CARACAS, Venezuela — One month after the arrest of a key opposition leader, Venezuelan government officials have moved to prosecute another: national assembly member Maria Corina Machado.
The Venezuelan National Assembly has ordered Attorney General Luisa Ortega Diaz to begin proceedings to strip Machado, a harsh critic of President Nicolas Maduro and National Assembly leader Diosdado Cabello, of her legislative immunity and place her under criminal investigation related to recent anti-government protests that have left at least 30 dead.
Cabello told reporters Tuesday in Caracas that the charges Machado faces include criminal conspiracy, homicide and treason. Speaking of Machado, Cabello said: "You will be judged; you'll never be president of this country. Come down off your cloud."
During a National Assembly session earlier in the day, Cabello repeatedly referred to Machado as "assassin."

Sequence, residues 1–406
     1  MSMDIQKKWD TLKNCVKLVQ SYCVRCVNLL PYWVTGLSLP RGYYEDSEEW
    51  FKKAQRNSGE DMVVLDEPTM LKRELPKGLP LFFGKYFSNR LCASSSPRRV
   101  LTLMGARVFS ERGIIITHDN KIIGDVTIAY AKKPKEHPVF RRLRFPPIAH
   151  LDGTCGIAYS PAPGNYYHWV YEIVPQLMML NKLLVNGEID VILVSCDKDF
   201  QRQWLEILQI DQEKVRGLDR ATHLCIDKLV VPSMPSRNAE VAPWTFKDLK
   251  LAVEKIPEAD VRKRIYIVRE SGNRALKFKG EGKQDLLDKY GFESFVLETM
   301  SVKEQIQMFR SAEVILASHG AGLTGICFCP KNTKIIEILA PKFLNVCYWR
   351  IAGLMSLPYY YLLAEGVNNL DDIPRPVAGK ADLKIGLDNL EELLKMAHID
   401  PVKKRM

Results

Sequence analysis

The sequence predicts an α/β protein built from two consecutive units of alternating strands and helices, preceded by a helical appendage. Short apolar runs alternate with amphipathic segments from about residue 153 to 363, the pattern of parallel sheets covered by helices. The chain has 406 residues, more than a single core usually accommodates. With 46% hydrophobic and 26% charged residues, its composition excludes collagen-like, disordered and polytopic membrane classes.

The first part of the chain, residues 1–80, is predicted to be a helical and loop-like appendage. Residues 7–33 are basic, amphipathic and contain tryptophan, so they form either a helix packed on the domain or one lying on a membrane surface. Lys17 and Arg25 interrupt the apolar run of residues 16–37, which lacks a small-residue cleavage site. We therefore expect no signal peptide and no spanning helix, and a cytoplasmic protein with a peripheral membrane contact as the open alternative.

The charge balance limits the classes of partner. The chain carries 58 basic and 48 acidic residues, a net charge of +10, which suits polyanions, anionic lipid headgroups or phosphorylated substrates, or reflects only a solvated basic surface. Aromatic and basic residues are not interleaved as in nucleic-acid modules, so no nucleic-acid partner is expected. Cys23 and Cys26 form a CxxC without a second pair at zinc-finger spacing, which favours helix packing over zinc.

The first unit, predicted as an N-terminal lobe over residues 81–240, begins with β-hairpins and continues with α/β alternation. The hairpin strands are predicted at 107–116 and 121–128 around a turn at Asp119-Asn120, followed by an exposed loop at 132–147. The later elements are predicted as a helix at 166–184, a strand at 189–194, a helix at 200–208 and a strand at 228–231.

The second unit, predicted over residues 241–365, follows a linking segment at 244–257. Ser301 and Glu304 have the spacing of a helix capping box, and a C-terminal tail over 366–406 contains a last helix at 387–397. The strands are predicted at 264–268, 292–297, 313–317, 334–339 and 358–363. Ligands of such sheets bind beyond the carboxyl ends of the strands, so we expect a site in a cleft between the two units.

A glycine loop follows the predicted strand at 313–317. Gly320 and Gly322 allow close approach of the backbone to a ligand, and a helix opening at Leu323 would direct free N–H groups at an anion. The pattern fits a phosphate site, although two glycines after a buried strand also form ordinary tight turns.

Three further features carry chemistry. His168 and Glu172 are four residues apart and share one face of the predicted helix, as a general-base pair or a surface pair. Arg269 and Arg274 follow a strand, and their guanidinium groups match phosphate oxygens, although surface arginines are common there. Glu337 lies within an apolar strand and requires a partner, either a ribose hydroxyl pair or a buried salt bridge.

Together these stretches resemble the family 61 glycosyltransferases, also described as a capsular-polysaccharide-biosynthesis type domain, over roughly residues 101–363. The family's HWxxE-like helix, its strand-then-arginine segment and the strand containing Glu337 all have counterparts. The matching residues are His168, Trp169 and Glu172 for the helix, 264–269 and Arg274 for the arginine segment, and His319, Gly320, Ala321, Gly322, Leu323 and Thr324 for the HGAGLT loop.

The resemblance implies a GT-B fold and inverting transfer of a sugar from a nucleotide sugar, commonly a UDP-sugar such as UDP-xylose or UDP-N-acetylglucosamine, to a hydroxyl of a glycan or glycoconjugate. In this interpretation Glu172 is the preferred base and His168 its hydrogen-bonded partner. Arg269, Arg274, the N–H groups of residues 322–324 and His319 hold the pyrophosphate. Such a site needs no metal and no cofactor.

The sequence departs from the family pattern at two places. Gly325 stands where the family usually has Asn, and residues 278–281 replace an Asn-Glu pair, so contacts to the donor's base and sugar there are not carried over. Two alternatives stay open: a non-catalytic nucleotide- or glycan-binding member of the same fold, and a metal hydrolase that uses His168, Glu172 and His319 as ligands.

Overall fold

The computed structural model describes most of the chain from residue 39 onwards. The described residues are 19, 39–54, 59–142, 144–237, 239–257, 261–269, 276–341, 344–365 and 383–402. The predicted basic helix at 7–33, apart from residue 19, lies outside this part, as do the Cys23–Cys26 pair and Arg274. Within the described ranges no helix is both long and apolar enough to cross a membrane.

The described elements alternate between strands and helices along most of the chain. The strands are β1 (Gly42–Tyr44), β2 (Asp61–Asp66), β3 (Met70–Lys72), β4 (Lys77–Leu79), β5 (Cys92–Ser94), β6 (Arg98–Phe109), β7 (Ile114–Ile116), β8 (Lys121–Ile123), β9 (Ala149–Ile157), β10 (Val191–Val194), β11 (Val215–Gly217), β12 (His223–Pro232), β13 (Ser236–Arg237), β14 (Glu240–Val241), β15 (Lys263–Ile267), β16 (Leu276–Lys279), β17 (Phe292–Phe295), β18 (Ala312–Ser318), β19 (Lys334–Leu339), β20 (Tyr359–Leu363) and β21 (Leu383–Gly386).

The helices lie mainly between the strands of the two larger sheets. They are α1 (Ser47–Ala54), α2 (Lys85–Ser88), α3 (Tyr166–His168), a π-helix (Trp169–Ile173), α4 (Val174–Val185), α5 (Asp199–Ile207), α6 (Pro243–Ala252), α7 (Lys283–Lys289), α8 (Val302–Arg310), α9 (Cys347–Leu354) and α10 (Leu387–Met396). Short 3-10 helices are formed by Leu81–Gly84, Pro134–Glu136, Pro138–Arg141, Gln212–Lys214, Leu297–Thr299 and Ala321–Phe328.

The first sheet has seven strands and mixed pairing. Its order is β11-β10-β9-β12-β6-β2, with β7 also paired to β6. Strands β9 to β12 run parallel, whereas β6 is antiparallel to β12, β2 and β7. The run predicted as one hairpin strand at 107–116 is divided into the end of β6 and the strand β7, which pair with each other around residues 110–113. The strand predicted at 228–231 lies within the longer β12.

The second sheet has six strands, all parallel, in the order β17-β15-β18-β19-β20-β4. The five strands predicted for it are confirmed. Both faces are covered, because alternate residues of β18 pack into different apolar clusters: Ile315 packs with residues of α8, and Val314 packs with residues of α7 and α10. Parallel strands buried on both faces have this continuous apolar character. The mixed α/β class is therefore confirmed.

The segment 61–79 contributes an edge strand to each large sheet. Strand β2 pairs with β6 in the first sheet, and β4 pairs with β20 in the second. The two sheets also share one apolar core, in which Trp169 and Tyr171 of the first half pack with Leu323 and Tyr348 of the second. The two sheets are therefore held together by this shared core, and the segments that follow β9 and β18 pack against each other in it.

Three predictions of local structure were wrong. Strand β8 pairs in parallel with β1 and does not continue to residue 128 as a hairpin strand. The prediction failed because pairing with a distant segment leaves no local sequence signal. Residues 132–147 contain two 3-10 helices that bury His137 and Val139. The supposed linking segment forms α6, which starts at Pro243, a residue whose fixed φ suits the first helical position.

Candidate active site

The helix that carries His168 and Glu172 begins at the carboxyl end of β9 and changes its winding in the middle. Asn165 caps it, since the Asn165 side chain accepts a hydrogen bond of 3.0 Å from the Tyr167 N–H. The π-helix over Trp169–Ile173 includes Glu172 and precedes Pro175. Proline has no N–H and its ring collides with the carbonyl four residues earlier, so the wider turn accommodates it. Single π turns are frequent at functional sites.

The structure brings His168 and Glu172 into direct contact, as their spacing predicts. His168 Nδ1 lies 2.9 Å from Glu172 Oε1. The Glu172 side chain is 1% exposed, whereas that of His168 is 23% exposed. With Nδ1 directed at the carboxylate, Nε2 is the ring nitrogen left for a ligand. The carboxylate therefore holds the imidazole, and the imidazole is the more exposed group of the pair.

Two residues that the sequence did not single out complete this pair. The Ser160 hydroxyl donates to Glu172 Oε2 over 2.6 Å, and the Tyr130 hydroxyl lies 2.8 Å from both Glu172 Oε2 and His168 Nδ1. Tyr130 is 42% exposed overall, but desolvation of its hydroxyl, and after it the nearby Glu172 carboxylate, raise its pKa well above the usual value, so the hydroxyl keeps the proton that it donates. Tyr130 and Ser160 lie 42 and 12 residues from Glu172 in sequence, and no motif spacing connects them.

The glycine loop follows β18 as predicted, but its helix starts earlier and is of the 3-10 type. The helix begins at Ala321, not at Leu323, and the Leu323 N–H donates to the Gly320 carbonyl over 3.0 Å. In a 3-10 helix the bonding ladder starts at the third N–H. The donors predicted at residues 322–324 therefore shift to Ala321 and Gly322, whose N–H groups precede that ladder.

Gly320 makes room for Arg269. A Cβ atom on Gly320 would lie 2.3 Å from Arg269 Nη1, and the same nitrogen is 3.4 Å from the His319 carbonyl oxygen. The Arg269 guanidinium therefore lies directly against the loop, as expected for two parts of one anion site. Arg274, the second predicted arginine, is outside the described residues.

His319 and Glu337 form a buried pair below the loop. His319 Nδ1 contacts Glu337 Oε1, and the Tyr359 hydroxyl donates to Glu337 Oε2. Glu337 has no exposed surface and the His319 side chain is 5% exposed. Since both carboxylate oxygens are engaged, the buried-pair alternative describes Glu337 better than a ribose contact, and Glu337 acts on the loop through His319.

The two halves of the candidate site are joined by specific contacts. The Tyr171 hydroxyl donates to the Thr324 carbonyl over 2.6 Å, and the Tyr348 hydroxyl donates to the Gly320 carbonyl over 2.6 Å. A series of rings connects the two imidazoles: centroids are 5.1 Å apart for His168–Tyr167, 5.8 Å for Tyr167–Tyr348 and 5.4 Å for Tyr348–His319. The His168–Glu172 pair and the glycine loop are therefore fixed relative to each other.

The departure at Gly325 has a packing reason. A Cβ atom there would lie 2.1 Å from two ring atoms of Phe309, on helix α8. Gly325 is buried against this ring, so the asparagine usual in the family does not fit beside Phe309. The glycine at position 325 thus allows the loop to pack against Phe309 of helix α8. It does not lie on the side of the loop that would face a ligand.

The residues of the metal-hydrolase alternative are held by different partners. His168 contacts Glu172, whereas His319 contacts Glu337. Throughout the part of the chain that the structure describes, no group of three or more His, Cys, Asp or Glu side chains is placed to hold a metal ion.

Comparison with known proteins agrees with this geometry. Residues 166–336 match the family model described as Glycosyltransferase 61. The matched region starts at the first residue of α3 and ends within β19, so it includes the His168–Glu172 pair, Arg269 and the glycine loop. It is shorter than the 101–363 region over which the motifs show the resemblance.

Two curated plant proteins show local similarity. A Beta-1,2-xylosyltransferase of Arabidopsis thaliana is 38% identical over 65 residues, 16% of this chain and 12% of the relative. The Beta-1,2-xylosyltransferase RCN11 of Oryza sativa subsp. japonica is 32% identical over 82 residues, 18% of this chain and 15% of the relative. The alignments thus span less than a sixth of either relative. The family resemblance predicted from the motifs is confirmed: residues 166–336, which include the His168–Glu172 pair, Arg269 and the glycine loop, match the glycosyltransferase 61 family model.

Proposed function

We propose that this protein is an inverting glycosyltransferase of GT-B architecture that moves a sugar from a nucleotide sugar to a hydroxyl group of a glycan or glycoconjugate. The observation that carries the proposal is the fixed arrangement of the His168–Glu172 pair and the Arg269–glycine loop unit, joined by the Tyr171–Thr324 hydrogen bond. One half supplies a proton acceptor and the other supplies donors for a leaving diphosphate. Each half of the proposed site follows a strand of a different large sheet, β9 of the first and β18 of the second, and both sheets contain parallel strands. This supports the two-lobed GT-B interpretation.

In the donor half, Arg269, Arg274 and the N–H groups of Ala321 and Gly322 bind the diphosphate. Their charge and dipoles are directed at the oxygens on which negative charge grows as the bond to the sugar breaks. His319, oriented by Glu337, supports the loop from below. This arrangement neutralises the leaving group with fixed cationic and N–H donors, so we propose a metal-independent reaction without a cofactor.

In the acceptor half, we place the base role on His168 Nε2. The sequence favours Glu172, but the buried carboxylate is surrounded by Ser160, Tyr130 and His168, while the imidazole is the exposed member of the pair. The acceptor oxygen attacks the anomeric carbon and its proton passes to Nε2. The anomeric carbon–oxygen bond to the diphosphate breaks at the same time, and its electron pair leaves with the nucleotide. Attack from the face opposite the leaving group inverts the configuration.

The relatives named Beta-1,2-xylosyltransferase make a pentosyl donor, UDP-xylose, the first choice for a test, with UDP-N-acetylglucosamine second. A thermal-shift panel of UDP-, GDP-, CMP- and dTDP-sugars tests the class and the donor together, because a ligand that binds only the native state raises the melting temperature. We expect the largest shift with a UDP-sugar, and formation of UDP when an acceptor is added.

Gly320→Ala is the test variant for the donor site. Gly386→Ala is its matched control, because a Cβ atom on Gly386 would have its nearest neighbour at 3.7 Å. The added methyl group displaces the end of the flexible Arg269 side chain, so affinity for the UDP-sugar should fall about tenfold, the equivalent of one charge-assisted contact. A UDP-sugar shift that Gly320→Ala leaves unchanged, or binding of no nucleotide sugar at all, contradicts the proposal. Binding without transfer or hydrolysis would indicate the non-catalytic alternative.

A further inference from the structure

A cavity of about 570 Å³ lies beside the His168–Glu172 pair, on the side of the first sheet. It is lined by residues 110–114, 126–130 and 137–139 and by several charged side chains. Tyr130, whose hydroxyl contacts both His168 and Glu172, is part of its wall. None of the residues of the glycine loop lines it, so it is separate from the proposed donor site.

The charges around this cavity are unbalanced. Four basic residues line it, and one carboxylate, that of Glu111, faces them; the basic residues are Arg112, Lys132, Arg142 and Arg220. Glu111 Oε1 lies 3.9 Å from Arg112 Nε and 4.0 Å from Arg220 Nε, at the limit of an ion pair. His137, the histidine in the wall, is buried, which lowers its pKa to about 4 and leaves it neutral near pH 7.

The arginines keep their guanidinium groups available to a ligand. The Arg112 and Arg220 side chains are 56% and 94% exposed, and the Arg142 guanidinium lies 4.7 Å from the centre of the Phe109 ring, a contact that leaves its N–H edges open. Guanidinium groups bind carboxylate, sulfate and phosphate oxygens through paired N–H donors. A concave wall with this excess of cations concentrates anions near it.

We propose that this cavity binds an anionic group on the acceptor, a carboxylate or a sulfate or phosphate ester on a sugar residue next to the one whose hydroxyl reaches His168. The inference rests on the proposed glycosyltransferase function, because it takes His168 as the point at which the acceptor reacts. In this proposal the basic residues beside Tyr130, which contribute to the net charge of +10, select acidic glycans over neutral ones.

Machado has tried to rally students and other government opponents since Leopoldo Lopez, a former mayor of a Caracas borough, was arrested Feb. 18 on charges of incitement to violence. The protests focus on rising violent crime; increasing shortages of basic food, electricity and water; and a weak economy with an inflation rate of more than 50 percent.
In addition to those killed in clashes, more than 300 were injured. Each side blamed the other for the violence. Heavy police presence in affluent parts of eastern Caracas, a focal point of protests in the capital, has reduced demonstrations in recent days.
But clashes continue in other cities across Venezuela, particularly in San Cristobal, the capital of western Tachira state, where 18-year-old engineering student Anthony Rojas was fatally shot Tuesday night.
After the government action against Machado became known, she released a video over social networks in which she said: "They want to eliminate us but they only make us invincible. There are millions of us on the streets and we won't stop until we achieve democracy."
Machado and other opposition assembly members were attacked by other legislators on the floor of congress last April. Although Machado's nose was broken in the melee, Cabello, who presides over the assembly, issued no disciplinary measures.
This month, Machado told reporters she was attacked by government supporters in the airport at Puerto Ordaz in eastern Venezuela after leading marches with other Maduro opponents.